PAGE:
But according to a regulatory filing made by Questcor early Thursday, the number of patients reporting a so-called adverse event while using the drug last year represented almost 5 percent of prescriptions dispensed. The total number of events in 2013 reported by patients, who can experience multiple ill effects, was almost 14 percent of prescriptions, up from 9.1 percent in 2011.
The most important item in this newly penned NY Times piece, in QTR's opinion, is the statement that seems to once again backhandedly confirm that there is some kind of review of Acthar ongoing at the FDA.
Many of you have said to me, "we already knew this!" - but that's far from the truth. After Citron's report was initially released, we failed to hear from the FDA regarding what, if anything, they were doing. It was only in the NY Times' first piece in early June that they claimed the FDA was reviewing the drug. This prompted QTR to get in touch with his own contact at the FDA, who assured him that "no formal review is on the FDA website" but it was an "ongoing issue" that was "under review." The NY Times' correspondence with the FDA yet again seems to echo this story:
Asked on Thursday whether Questcor's new disclosures would result in heightened oversight, an F.D.A. spokeswoman said, "Because this is an open compliance matter, we cannot discuss or speculate on future potential actions related to any Faers reports," referring to the Food and Drug Administration's Adverse Event Reporting System, whose acronym is pronounced "fares."
Last month, an F.D.A. spokeswoman said the agency was reviewing accusations by an independent research firm that the Acthar label did not accurately reflect the drug's ingredients.
The NY Times piece can be found in this morning's paper, on page B1. Ms. Morgenson has done a fantastic job looking into this situation and continually scratching under the surface to help get to the bottom of the Questcor story.
Interesting from my piece yesterday are comments like this one, from Aristides Capital:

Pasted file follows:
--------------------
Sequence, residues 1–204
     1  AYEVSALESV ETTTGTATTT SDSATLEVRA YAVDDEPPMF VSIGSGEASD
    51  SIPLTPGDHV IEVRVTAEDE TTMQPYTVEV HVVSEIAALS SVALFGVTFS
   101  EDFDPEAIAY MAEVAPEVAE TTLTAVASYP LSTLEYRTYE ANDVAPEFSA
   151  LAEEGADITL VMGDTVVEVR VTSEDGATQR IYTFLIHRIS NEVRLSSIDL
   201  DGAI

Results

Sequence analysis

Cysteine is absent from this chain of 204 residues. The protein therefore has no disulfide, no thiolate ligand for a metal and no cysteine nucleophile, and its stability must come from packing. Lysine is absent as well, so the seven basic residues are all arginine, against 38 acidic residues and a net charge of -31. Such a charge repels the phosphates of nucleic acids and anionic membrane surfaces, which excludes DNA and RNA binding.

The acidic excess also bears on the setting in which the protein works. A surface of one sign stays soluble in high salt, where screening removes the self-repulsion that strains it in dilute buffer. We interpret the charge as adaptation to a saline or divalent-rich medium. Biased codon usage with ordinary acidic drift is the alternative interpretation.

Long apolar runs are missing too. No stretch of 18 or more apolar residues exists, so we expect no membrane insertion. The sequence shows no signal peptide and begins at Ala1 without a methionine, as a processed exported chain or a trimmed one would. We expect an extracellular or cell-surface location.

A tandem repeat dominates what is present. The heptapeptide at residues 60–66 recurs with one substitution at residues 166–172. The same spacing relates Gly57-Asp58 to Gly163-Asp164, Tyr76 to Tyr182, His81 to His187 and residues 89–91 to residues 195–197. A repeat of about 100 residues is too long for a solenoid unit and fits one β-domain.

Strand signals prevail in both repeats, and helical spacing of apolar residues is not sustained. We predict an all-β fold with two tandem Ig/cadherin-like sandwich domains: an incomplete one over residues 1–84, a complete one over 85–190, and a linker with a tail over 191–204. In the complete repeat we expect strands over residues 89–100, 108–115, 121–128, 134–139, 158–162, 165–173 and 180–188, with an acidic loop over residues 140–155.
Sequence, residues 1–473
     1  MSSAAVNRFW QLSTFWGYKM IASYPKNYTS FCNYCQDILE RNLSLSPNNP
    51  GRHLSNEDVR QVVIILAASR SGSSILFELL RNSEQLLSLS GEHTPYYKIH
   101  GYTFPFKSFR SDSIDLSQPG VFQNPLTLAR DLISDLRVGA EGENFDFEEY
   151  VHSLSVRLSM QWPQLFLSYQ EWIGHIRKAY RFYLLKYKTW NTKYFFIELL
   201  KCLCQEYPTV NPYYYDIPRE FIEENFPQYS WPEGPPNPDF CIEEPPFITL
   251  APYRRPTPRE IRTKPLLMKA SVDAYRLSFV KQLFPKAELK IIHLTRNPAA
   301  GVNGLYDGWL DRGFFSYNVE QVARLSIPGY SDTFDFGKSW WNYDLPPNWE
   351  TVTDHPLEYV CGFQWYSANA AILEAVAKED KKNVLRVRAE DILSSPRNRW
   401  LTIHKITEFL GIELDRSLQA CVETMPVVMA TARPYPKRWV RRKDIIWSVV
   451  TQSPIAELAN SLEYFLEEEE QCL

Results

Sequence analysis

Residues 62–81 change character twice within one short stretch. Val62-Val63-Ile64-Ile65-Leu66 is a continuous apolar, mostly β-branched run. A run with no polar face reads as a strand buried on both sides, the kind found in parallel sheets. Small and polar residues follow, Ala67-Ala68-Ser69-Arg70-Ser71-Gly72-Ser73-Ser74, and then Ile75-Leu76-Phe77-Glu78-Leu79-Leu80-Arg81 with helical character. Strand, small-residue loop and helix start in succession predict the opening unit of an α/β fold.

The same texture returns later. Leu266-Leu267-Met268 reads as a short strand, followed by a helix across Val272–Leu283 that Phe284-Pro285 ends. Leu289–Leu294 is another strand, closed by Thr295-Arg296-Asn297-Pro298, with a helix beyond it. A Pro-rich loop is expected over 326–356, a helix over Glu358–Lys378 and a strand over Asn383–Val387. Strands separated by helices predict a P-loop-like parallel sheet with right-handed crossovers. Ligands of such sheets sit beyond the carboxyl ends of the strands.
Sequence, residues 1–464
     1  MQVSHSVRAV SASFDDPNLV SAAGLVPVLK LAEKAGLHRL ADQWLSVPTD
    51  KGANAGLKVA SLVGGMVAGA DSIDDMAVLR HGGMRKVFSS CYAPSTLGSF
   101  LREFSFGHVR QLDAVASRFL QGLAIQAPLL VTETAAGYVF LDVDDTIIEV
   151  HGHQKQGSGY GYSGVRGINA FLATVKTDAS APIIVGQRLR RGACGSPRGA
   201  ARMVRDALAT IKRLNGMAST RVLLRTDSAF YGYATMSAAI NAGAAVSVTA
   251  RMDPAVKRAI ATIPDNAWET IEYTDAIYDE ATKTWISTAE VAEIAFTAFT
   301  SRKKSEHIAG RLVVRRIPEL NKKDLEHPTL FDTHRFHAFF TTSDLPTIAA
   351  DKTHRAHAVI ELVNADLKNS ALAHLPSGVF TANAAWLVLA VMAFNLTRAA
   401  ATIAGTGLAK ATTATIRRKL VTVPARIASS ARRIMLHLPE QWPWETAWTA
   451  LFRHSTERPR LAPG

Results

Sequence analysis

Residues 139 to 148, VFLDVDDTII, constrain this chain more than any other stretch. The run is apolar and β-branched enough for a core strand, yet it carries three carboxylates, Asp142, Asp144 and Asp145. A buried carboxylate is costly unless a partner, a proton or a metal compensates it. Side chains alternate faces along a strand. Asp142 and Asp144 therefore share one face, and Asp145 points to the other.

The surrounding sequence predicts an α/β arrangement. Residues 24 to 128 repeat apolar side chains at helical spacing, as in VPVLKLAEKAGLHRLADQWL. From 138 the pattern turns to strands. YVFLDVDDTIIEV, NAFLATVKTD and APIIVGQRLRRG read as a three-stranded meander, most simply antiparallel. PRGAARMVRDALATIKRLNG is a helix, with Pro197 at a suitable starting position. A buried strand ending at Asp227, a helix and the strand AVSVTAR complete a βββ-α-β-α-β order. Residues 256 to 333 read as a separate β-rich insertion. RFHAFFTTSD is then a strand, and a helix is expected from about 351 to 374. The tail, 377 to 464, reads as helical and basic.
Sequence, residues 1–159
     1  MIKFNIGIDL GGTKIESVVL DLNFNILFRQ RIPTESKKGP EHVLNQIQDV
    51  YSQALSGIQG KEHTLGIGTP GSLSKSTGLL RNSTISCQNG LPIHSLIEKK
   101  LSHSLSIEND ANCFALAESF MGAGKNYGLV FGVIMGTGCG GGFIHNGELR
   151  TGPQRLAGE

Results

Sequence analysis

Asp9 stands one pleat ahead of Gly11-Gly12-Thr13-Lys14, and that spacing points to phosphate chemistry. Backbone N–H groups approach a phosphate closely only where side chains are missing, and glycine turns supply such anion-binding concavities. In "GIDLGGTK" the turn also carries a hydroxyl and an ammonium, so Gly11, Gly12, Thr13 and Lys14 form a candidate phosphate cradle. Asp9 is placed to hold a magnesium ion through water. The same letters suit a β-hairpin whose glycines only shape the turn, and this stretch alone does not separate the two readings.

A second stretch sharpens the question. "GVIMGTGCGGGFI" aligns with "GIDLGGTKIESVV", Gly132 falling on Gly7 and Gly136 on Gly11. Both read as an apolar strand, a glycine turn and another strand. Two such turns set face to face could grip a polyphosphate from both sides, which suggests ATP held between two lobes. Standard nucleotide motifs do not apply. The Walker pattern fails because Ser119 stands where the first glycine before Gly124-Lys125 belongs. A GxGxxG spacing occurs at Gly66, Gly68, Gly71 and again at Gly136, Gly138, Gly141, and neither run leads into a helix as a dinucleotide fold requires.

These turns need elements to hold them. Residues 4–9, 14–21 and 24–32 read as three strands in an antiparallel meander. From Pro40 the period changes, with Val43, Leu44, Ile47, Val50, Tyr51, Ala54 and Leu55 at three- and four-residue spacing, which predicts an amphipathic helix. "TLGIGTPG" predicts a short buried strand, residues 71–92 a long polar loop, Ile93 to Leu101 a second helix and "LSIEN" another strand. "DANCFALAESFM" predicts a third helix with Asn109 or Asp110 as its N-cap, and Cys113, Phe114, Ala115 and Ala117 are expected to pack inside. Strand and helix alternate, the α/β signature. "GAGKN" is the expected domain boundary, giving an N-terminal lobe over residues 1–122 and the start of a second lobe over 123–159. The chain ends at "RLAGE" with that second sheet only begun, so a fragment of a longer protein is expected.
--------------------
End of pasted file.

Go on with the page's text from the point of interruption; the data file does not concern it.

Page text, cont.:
[B]efore I was a hedge fund manager, I was a board certified Internal Medicine physician, so I have a pretty strong opinion on this one. [J]ust so we are straight on this: QCOR sells for $28k a vial a substance that, if it is indeed what the label says it is (and that appears quite unclear at this point), makes your body make steroids which themselves would be available on the market for less than $10, or less than $100 in injectable form. [W]ith no clinical trial evidence that the $28k vial is any better than the $10 or $100 therapy for the mast majority of indications they sell the drug for. The company has done a great job marketing. A very, very great job indeed. [S]o great of a job that it makes one wonder how they did such a great job and what consequences there may be.
I continue to remain bearish and short on Questcor, as I believe questions about the drug's efficacy for its main indications are massive issues that insurers are already starting to realize. With only limited upside to QCOR until the merger closes, I am still short through long dated puts as I believe any formal announcement by the FDA or other regulatory agency regarding Questcor could serve to cut the party short any day now.
Best of luck to all investors.
Disclosure: The author is short QCOR. The author wrote this article themselves, and it expresses their own opinions. The author is not receiving compensation for it (other than from Seeking Alpha). The author has no business relationship with any company whose stock is mentioned in this article.